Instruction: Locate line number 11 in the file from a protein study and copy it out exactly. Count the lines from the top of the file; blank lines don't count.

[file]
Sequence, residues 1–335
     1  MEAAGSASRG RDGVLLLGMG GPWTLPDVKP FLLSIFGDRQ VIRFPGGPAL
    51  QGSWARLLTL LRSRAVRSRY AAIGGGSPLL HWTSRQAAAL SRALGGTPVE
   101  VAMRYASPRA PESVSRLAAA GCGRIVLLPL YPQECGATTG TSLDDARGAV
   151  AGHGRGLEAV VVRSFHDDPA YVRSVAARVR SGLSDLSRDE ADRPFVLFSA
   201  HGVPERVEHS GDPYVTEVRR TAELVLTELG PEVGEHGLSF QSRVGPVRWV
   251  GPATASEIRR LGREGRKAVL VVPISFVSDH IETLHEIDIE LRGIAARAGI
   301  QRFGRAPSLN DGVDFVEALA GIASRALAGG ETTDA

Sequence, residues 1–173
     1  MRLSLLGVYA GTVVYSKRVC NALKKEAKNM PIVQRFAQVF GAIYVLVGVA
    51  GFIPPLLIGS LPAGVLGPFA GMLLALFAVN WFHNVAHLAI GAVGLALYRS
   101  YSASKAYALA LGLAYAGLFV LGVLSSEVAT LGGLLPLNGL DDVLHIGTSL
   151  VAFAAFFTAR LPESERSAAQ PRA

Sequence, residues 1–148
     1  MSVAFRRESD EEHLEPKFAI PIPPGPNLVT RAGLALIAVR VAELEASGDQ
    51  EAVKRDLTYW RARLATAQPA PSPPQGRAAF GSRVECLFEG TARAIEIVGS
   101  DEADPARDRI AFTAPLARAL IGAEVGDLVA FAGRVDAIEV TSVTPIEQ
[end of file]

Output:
    51  GFIPPLLIGS LPAGVLGPFA GMLLALFAVN WFHNVAHLAI GAVGLALYRS